A Game of You

'A Game of You' presented as part of the Ontroerend Goed Trilogy.

'A Game of You' presented as part of the Ontroerend Goed Trilogy.

One inevitably comes to the third part of a trilogy with expectations. But of what? In Smile Off Your Face, Charlotte lay beside me on a bed and whispered intimately in my ear. In Internal, Aurélie gazed lovingly into my eyes, exposed her breasts and then took my contact details. (I could barely write straight.) Really, the trajectory to be completed by A Game of You seemed like it might be toward the scarcely legal. And ain’t I the disgusting old lecher for even thinking that?

That’s what Ontroerend Goed does with its immersive theatre, full of direct one-to-one and many-to-one engagement with the audience. All the questions I asked on the way out of each of their shows (shows?) were about myself: my actions, my reactions, my expectations, my ‘performance’; literally, my character. Well, not quite all: I was also wondering, sort of, about other audience members. That woman I glimpsed on the bed with Charlotte as I was wheeled out of Smile Off Your Face, my blindfold lifted and the space suddenly revealed – did her posture suggest she was frightened, or worse, by this sudden closeness with a stranger? (I wasn’t.) That nice gentleman who responded to Maria’s dreamlike flirtation in Internal with constant references to his wife – is anyone really that loyal? (I wasn’t.) Those sensible young wans who saw my eyes light up at the sight of Aurélie’s ample bosom – did they think I was an utter creep? (Maybe I was.) As one performer said directly to me, and I guess to everyone else: “This is not about me, it’s about you.”

'Internal' presented by Ontroerend GoedIt was only several days after experiencing the sensual joy of the first of the trilogy, the Smile just about gone Off my Face, that I wondered critically about the makers and ‘actors’ of these shows, behind admiration for the stamina with which they endured rapid serial relationships with the audience: were they, these attractive young Belgians of both sexes, mocking us for the ease with which in half-hour immersions we could be made to feel ourselves engaged in acts of self-exploration, intimacy, transformation, love? After the speed-dating Internal, I grew more confident that the answer to this question was Yes.

The title alone of A Game of You might suggest confirmation. I imagine, probably wrongly, that ‘a game of you’ is a Flemish idiom partly lost in translation, like the marzipan pigs in Smile Off Your Face that I didn’t know until afterward were Belgian Christmas specialities. I feel, somehow, that it translates into Hiberno-English as ‘a skit of you’ – as in, that’s what they made of me with this production. They made a skit of me.

I’m not complaining, exactly. Once I had refixed my jaw, which dropped to the floor over the course of the performance, I was able, for the first time in the whole trilogy, to stand back and say: Yes, what an interesting and fruitful and cleverly designed acting exercise, what a wonderful ‘space’ for these fine performers to inhabit, a real drama-school-opens-its-doors-to-the-public experiment. And I was also able to say, for the first time in the whole trilogy: I think I’m sorry I walked into it.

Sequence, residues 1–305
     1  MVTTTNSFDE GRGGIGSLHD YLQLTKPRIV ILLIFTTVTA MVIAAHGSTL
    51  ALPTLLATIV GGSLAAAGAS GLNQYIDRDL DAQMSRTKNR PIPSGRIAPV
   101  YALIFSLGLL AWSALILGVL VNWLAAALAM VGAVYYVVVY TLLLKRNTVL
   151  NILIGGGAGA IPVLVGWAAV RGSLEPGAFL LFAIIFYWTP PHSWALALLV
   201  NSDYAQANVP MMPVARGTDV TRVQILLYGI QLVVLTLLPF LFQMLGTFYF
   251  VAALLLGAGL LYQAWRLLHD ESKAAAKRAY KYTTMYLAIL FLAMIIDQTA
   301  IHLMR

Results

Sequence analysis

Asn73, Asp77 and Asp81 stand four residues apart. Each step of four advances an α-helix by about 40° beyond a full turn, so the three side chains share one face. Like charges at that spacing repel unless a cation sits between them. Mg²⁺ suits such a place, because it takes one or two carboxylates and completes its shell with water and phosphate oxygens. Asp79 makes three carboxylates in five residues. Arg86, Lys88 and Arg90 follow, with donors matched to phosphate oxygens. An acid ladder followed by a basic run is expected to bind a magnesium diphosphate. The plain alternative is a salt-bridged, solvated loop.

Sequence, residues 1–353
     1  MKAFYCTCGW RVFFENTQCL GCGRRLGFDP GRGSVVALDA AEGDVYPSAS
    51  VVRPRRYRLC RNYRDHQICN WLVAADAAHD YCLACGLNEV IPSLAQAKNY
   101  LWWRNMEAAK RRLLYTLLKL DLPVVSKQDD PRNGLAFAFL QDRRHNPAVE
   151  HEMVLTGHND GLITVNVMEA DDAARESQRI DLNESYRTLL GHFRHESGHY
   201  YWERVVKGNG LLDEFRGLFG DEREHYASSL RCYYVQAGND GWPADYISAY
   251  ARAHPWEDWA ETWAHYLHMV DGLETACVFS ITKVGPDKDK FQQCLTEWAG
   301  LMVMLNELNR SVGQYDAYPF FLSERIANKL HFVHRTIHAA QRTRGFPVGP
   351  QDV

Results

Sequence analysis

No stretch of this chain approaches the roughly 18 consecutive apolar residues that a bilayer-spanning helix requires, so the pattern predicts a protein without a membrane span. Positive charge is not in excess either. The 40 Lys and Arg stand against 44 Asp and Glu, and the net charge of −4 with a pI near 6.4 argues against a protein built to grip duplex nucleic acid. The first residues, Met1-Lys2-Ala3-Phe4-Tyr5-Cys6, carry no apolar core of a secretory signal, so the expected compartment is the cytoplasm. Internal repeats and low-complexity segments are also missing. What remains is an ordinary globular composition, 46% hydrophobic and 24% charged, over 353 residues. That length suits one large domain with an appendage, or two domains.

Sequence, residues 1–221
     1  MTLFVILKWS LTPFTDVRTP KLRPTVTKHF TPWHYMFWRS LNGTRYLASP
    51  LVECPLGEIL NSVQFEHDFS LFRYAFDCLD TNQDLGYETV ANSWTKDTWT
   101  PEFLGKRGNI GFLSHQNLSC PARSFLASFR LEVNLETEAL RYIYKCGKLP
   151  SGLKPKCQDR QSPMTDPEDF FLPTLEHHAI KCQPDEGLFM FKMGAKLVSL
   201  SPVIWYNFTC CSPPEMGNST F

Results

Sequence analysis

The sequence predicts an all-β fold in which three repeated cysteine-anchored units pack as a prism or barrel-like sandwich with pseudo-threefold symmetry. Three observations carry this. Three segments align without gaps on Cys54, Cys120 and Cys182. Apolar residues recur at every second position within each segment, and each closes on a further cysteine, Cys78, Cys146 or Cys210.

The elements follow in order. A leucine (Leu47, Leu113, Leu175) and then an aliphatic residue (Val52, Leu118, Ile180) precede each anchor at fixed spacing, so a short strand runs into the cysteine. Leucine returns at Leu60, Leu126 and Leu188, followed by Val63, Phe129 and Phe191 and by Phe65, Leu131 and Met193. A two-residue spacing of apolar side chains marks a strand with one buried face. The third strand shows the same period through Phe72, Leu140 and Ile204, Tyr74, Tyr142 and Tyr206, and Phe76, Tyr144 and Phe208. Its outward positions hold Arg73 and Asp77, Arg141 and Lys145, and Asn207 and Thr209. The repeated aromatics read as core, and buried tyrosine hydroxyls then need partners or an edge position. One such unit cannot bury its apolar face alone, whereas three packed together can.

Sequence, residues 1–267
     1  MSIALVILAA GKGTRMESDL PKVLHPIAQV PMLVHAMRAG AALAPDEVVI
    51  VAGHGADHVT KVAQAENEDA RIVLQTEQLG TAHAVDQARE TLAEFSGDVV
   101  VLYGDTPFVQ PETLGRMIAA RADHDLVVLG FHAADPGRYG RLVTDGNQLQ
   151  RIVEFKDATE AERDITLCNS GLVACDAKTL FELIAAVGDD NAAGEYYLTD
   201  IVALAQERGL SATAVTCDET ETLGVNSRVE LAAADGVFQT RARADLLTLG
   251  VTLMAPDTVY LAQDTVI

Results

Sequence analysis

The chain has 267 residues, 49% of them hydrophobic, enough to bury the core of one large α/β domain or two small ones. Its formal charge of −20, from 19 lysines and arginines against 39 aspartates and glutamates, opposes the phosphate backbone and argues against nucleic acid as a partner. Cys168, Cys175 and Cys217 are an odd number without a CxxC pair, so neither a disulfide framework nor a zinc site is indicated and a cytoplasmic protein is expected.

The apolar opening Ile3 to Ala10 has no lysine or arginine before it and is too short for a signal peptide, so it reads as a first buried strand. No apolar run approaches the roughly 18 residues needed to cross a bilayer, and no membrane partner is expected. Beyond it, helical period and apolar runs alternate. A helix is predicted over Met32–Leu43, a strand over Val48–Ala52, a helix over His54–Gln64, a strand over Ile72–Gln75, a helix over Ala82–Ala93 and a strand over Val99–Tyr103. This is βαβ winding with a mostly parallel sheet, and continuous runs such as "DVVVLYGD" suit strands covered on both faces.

It wasn’t (just) that my amorous trajectory was broken. (There is a sort of auto-eroticism potentially at play here, but little more.) Like its predecessors, A Game of You ingeniously exploits our rather sweet and amazing willingness as audience members to try to be honest, to be ourselves, to go with the flow, to trust – but this time the emphasis is on the word ‘exploits’.

I fully realise that, with 200 words to go, I have already set a world record for occurrences of the first-person pronoun in a review. And that I haven’t described A Game of You at all. These facts are, I promise, neither accident nor indulgence. If you must know, this half-hour show involves going from tiny room to tiny room, spending time with yourself and others. No two people will have the same experience.

More than that I wouldn’t like to say, except that, as should be clear by now, it has a tail that keeps on stinging. If even one person reading this were deprived of the full dosage of neurotoxins because of something I wrote, I would not only feel like a spoiler, I would begrudge it.

It seems Ontroerend Goed are destined to be the epitome of “I can’t tell you, you had to be there.” (That’s if my efforts to explain the wondrous intensity of their shows to people who swore they weren’t going to be there are any indication.) But let me try one last time: A Game of You is brilliant, fascinating, alienating, challenging and revelatory – to a fault.

Harry Browne

  • Review
  • Theatre

A Game of You by Ontroerend Goed

13 - 17 Oct 2010

Produced by Ontroerend Goed
In Smock Alley Theatre

Created by Alexander Devriendt, Joeri Smet, Sophie De Somere, Nicolaas Leten, Maria Dafneros, Charlotte De Bruyne, Aurélie Lannoy, Kristof Coenen & Eden Falk.

Presented as part of the Ontroerend Goed Trilogy also featuring The Smile Off Your Face and Internal.